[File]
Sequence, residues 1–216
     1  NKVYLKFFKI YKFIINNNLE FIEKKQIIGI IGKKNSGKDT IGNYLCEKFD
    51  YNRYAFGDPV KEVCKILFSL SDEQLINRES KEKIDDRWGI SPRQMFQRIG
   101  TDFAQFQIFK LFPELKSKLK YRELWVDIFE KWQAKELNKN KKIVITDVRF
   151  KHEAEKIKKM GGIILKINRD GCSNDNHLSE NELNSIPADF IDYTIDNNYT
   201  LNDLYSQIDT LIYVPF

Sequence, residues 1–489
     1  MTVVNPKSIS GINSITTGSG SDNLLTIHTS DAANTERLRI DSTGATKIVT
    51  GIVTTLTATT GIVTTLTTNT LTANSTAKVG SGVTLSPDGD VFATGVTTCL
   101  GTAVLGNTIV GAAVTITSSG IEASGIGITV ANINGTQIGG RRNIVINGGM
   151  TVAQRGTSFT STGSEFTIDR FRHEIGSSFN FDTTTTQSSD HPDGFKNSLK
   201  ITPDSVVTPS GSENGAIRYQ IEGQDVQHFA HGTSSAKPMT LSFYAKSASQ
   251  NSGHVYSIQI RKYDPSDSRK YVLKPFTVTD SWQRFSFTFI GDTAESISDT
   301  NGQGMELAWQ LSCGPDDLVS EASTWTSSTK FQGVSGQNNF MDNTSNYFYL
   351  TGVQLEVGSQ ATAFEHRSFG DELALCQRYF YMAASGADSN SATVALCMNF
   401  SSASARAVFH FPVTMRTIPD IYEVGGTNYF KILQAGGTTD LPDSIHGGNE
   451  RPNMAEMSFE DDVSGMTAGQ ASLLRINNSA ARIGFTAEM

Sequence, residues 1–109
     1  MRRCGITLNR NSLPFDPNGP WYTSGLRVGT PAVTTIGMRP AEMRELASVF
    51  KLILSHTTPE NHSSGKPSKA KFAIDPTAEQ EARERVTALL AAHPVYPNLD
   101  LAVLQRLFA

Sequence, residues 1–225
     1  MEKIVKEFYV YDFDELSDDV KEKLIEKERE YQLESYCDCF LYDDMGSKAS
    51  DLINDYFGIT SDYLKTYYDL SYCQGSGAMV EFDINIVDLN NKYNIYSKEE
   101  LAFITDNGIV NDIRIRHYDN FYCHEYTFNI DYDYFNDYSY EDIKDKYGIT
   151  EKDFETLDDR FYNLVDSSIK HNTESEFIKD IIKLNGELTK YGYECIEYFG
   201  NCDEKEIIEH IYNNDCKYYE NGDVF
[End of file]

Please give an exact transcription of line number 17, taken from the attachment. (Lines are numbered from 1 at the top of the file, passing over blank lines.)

   451  RPNMAEMSFE DDVSGMTAGQ ASLLRINNSA ARIGFTAEM